Experts urged to ratify Minamata Convention to phase out mercury-added products পারদযুক্ত পণ্যের ব্যবহার বন্ধে মিনামাতা কনভেনশন অনুমোদনের আহ্বান সেন্টমার্টিন সৈকতে প্লাস্টিকের আগ্রাসন 72 birds die eating pesticide-treated masakalai Educate girls to save the planet শিশুর সর্দি-কাশি সারানোর ঘরোয়া উপায় 50 Books All Kids Should Read Before They’re 12 24 thousand under 5 children die of pneumonia in Bangladesh annually গ্রিনহাউস গ্যাস কমানোর লক্ষ্যে নানা উদ্যোগ Maldives: Eco-friendly product export destination for Bangladesh

Government accused of ‘running scared’ of diesel drivers in delay of clean air plan

Politicians and environmental groups say ministers have failed to tackle air pollution crisis and are hiding behind election purdah rules. The government has been accused of “running scared” of diesel drivers and attempting to bully judges over its last-minute bid to delay the publication of its clean air plan. Politicians and environmental groups said ministers were “hiding behind the election” to justify delaying publication of the government’s long awaited proposals instead of tackling the UK’s air pollution crisis. Health experts warned the lack of government action had potentially put thousands of lives at risk. The mayor of London, Sadiq Khan, said: “It is frankly outrageous that the government thinks it can continue to bury its head in the sand about the serious health impacts of air quality in London and across the country. The prime minister has once again missed this golden opportunity to show real leadership in tackling and improving the air we breathe, which should have been done well before the pre-election period.” The government had been under a court direction to produce tougher draft measures to tackle illegal levels of nitrogen dioxide pollution, which is largely caused by diesel traffic, by 4pm on Monday. The original plans had been dismissed by judges as so poor as to be unlawful. But after the announcement by Theresa May of a general election on 8 June, ministers lodged a lengthy application to the court late on Friday. It asked judges to allow them to breach the Monday deadline to “comply with pre-election propriety rules”. Andrea Leadsom, the environment secretary, was summoned to parliament on Monday to answer urgent questions. Cabinet Office guidance says that purdah rules can be lifted in exceptional circumstances, including for consultations on safeguarding public health. During the debate, Leadsom was asked if she considered toxic air to be an “emergency” – as it was blamed for up to 40,000 early deaths every year. In reply she acknowledged only that it was a “very significant and urgent concern”, refusing to use the word “emergency”.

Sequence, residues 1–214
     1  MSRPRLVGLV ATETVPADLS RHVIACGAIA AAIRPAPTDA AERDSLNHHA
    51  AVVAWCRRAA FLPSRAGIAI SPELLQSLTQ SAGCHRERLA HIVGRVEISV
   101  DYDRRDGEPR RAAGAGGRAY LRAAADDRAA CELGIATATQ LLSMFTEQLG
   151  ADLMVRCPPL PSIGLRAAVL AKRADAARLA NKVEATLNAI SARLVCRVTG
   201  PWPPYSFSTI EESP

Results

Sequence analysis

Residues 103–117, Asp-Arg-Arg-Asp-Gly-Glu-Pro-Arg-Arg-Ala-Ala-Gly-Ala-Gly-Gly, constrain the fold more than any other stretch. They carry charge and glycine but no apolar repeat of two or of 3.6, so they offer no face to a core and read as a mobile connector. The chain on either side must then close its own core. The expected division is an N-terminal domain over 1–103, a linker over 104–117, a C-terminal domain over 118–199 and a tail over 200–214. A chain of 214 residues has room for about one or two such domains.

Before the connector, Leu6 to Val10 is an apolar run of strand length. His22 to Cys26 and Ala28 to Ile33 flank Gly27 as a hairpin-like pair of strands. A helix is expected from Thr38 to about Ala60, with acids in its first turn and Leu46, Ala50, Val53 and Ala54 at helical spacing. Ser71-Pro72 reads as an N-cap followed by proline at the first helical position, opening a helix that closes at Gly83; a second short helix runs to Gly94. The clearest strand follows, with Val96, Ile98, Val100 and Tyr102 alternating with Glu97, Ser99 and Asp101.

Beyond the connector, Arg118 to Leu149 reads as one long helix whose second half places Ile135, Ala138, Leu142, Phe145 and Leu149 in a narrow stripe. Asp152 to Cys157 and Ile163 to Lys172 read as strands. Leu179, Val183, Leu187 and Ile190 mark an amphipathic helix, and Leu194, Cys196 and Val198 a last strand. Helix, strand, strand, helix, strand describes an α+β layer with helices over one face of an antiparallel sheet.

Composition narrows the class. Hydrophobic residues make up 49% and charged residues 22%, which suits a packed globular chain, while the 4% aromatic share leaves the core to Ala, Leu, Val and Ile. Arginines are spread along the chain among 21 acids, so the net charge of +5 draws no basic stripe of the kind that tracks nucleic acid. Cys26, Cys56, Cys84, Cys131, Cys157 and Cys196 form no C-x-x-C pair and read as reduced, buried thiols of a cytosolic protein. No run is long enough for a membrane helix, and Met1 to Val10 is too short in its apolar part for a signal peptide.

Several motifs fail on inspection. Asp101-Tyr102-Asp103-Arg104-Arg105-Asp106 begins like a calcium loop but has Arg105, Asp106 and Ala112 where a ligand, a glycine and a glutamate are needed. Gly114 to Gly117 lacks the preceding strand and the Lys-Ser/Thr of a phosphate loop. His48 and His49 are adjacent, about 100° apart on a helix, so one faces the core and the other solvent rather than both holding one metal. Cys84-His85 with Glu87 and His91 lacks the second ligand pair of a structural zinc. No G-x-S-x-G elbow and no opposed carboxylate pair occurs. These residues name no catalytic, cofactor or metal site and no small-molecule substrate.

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Posted by on Apr 25 2017. Filed under News at Now. You can follow any responses to this entry through the RSS 2.0. You can leave a response or trackback to this entry

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